Indo-Pak reality

Published September 1, 2015
The writer is a foreign policy expert based in Washington, DC
The writer is a foreign policy expert based in Washington, DC

INDIA is all over the media again. Prime Minister Modi has irked our nationalist fervour with the Sialkot incident. Officialdom is back in the groove, regularly throwing around words like ‘honour’, ‘dignity’, ‘parity’, etc.

Thankfully, I sense that our decision-makers recognise that while the usual game of pinning Modi down for this (and whenever else he overplays his hand) must be played, this tactical positioning can only get one so far. They are rightly more perturbed about what they feel is Modi’s larger design: to keep Pakistan internally unstable and globally isolated. Equally, they feel the world is deliberately going along despite Modi’s insincerity towards resolving outstanding disputes and his insistence on talking to Pakistan only on India’s terms.

My worry though is that in terms of responses, we are still fixated on outmanoeuvring India in the tactical realm. This is self-defeating, especially if one takes Pakistan’s own analysis of Modi’s policy at face value. If Modi wants to keep Pakistan in the dock, preoccupying us at the tactical level is precisely what he would be aiming for.

To understand this, we first need to establish why Modi is able to maintain a dismissive attitude towards Pakistan and why the world is looking the other way.

Why is Modi able to maintain a dismissive attitude towards us?

An honest analysis on our part should lead us to recognise that India’s expanded manoeuvring space is a function of the growing disparity in strengths between the two countries. It’s statecraft 101: with an internal base that is stronger than ever, India can afford to forego benefits of improved ties with Pakistan, especially if its dismissiveness allows it to keep Kashmir off the table.

Equally, the world’s attitude towards India is driven by a convergence of interest between Delhi and the global powers. India offers the world’s military-industrial complex the single largest market and its economy has locked in Western business and investment interests. Add to this the West’s flawed belief that India will play counterweight to China.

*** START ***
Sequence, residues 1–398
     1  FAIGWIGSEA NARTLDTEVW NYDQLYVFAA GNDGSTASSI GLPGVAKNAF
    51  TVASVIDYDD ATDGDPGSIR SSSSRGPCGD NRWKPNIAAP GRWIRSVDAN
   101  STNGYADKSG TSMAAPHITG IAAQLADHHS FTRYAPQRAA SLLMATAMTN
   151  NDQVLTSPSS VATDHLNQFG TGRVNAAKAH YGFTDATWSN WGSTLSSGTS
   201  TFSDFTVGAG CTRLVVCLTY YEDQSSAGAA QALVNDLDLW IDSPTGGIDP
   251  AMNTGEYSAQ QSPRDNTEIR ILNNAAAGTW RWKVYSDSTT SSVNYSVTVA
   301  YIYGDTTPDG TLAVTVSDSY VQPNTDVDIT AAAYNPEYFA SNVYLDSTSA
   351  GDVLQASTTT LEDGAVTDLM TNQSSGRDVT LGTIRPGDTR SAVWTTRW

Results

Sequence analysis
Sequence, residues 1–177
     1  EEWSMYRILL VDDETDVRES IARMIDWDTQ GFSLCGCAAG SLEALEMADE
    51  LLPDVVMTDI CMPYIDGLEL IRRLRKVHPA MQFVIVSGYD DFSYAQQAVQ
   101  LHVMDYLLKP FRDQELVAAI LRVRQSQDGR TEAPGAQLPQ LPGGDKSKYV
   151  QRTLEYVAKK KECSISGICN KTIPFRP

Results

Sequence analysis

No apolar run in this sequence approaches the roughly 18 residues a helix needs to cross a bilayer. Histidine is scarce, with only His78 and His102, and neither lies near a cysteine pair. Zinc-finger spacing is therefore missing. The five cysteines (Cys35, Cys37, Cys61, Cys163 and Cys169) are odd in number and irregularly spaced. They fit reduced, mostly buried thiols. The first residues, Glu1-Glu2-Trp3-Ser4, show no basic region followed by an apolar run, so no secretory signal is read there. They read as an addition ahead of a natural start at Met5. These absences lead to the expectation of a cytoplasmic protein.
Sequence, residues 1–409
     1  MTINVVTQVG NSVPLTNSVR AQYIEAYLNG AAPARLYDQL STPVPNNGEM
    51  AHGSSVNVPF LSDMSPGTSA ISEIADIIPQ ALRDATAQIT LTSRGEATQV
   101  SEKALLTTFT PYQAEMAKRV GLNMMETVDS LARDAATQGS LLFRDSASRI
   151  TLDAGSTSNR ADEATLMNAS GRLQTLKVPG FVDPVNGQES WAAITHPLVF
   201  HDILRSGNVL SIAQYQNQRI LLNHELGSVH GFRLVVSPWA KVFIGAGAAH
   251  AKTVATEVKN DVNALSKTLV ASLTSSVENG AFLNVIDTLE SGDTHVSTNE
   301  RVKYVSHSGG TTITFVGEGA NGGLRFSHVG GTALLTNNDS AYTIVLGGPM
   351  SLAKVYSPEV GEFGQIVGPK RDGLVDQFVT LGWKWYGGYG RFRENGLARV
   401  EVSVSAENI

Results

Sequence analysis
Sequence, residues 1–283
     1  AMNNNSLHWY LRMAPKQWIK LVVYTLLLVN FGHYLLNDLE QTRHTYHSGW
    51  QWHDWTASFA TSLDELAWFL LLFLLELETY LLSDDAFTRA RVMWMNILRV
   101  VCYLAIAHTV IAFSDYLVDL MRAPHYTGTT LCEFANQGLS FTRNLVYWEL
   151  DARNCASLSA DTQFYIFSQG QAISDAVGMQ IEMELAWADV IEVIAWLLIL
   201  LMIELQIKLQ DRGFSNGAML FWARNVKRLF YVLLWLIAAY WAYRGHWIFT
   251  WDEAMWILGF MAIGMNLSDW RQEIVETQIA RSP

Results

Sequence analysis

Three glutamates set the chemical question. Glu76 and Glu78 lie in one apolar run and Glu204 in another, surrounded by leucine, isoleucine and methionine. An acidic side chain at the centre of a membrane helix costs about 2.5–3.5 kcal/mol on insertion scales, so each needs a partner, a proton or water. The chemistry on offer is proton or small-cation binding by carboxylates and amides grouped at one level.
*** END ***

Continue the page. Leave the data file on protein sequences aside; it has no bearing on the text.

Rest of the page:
Therefore, if I am Modi and I want to keep Pakistan boxed in, I would want to ensure that my differential with Pakistan grows further; that Pakistan remains the world’s favourite whipping boy; and consequently, I feel no real pressure to negotiate sincerely on disputes with Pakistan.

Modi can best achieve this by keeping Pakistan stuck in its current India-centric security paradigm. To do so, he needs to keep Pakistan’s traditionally heightened threat perception of India intact. If he can keep Pakistan worried about his military’s strength, formations, doctrines and periodic actions such as on the LoC and about his growing ties with Pakistan’s neighbours, he’ll be set.

Pakistan’s resources will remain disproportionally committed to defence and it will be distracted from its more pressing internal needs. India’s economy will keep growing (despite losses associated with broken ties with Pakistan) but Pakistan’s priorities will remain fundamentally warped.

Pakistan’s decision-makers should realise that focusing solely on the tactical game with Modi only plays into his hands. You’ve got to think strategic and find a way to reverse Modi’s two real advantages: power differential; and the world’s support to him.

Pakistan’s only silver bullet solution is creating leverage over India by forging strong economic ties with it. By doing so, you’ll tie Indian and regional economic interests with yours and force India to develop stakes in keeping the Pakistani economy integrated and thus, mainstreamed. Projects like Tapi will make India dependent on transit through Pakistan (India wouldn’t be able to afford instability in areas hosting pipes/transmission lines); allowing overland route to India will mean that its entire trade with Central Asia will be dependent on you; you’ll undercut the competitiveness of Iran’s Chahbahar port; likewise, offering India-held Kashmir transit through your ports will link them intrinsically to you; and by tying CPEC to an east-west corridor involving India, you’ll not only optimise gains but force India to de facto acknowledge your right over Gilgit-Baltistan.

Most importantly, you will be able to break the regional logjam that is holding your economy back. An improved economy will naturally begin to interest the world positively. A stronger economic base will also allow you to maintain robust defence capabilities, but now without being an obvious drag on your economy.

Mind you, this paradigm shift will not prevent you from continuing to play the tactical game, firmly advocating your position on Kashmir, etc. in the interim. That you must to keep your stakes in the game. But the course suggested here will simultaneously begin to move you towards attaining real ‘honour’, ‘dignity’, and ‘parity’, that builds on internal strength rather than hollow sloganeering. This is the only way to compel India to negotiate with Pakistan somewhat evenhandedly.

The writer is a foreign policy expert based in Washington, DC.



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